"From the above it follows that the production of spines in Discaria Toumatou can be controlled at will by specifically changing its environment—a plant exposed to a dry atmosphere and normal light producing spines, whilst one exposed to a moist atmosphere and a feeble light produces no spines, but in their place leafy shoots of unlimited growth.

"That spines on xerophytic plants are an adaptation against the attacks of grazing animals is a matter of such general belief as to be admitted into certain botanical text‑books as a proved fact.

1Cockayne, L., 1905. Significance of Spines in Discaria Toumatou Raoul (Rhamnaceae), New Phytologist, 4: 79.

"It seems, however, to me that my experiment, detailed above, is a fairly crucial case, and that in Discaria Toumatou, at any rate, the spines are a direct response to conditions of dryness, and function as a special contrivance for checking transpiration. If so, then they have nothing to do primarily with attacks of [259] grazing animals, especially when it is borne in mind that New Zealand never contained such, excepting the various species of Moa."1

That the spines did not develop under conditions of moisture and feeble light can scarcely be accepted, however, as proving that they are a special contrivance for checking transpiration, for many analogous adaptations do not fail to appear in advance of the conditions which require them. Cacti, and other spiny plants often make most of their growth in periods of humid weather, but they do not on that account fail to put on spines.

The possibility that the spines may be a useful form of tissue for the plant when living in the normal desert habitat is not a sufficient explanation of the failure to produce the spines under conditions of humidity and deficient sunlight. The spines might be an adaptive character and still appear under all conditions of growth. They might represent an adjustment character or artism and still be only reduced instead of being eliminated in the shade form. That the spines disappear entirely indicates that another factor may need to be recognized, that certain conditions are necessary for their development, and that without these conditions the plant is unable to make spines, just as the pepper‑fed canary birds may be thought of as no longer able to produce yellow feathers.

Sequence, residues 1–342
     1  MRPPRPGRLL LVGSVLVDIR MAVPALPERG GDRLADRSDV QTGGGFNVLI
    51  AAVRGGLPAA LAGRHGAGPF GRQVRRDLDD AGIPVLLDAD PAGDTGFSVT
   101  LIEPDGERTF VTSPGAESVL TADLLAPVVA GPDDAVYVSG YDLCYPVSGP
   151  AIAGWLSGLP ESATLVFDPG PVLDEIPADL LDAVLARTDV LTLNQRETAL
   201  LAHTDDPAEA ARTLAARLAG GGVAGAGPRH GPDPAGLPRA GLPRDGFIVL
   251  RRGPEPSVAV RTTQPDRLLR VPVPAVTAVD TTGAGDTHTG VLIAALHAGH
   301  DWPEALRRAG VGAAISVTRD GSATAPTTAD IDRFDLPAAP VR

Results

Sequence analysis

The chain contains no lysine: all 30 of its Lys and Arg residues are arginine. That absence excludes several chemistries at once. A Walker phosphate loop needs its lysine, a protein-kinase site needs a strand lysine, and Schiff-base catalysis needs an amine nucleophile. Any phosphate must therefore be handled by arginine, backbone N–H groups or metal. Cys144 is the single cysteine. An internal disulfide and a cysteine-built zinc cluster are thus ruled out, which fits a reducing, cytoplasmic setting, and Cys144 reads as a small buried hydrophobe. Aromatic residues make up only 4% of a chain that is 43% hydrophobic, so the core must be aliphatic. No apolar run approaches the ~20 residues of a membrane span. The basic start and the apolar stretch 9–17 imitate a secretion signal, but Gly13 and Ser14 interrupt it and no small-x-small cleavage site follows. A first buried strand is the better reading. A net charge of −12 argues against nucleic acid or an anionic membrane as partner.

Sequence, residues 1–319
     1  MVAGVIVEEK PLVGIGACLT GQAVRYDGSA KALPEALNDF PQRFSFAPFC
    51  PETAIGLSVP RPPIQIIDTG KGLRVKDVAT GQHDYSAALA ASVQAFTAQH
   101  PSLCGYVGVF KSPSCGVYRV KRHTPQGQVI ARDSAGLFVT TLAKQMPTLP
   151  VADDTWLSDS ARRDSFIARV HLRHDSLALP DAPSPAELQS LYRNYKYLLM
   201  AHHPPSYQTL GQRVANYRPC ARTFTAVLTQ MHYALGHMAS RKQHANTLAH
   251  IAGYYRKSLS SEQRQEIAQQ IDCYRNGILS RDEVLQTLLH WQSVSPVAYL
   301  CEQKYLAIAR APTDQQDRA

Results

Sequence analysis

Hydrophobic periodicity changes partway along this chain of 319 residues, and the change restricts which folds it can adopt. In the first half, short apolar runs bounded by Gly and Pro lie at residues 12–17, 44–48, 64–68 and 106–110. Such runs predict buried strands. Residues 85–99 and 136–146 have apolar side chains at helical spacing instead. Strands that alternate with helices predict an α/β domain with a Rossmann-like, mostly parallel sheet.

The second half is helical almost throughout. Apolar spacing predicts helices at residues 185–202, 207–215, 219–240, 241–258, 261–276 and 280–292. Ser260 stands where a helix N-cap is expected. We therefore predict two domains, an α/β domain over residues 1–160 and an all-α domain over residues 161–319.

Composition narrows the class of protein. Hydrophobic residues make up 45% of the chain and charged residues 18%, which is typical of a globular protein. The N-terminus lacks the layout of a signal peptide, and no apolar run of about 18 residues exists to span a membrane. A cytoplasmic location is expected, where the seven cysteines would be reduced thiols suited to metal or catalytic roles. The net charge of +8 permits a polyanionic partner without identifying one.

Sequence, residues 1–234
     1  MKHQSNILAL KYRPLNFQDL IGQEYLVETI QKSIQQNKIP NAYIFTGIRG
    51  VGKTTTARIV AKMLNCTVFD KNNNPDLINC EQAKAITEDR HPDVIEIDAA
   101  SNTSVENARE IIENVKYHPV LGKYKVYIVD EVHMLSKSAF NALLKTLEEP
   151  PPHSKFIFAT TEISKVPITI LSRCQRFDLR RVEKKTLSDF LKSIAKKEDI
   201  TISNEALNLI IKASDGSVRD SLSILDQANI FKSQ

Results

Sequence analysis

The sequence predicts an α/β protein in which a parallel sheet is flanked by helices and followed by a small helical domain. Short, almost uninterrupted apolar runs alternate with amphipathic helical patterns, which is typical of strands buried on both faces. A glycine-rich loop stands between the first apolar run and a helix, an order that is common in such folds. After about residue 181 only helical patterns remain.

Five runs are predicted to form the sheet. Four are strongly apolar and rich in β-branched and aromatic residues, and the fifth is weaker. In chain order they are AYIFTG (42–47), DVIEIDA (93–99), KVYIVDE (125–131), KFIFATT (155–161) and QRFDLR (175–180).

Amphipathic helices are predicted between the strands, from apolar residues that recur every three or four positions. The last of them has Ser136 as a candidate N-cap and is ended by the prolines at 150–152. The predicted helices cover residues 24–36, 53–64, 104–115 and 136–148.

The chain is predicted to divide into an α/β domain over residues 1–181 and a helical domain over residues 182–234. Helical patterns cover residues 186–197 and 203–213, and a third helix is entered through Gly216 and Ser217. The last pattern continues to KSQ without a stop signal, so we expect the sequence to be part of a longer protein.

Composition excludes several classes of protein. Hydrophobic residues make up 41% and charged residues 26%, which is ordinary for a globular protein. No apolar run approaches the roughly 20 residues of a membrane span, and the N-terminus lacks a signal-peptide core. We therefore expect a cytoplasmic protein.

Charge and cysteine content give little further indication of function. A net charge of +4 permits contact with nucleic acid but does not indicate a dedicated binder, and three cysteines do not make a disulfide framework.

The interest of the Discaria experiment would have been increased if it had included a test of the behavior of the plants in shade conditions without excessive atmospheric moisture, to determine whether deficiency of light might not of itself inhibit the formation of the spines, simply by restricting the activity of the cells. The formation of the spines is a specialization which the seedling plants do not attain until they have grown to considerable size, perhaps not until they have encountered conditions of drought and exposure to strong sunlight. It is, therefore, not unreasonable to suppose that these conditions are a necessity to enable the plant to produce the spines, and hence that its failure to produce them represents not so much an accommodation as a lack of accommodation, that is, topism, instead of artism.

1Lydekker, R., 1904. The Field, 104: 654.

[260] The prompt loss of wool by sheep brought to tropical countries is one of the most striking instances of response to environmental conditions, but there are several elements which need to be taken into account in attempting to arrive at a clear understanding of the nature of the process. The continuous heat and excessive humidity may induce an abnormal condition of the skin and cause the hair to fall out, as often happens in human fever‑patients. On the other hand, the failure of the sheep raised in the tropics to produce wool may be due to a lack of sufficiently normal conditions of existence which disturbs the normal heredity and affects first the most highly specialized character of the animal. The loss of wool could be explained in this way as a deterioration or reversion rather than as a new or adaptive character. The domestic sheep is now supposed by Lydekker to be descended from wild types which had a hairy summer coat and produced wool only as cold weather approached.1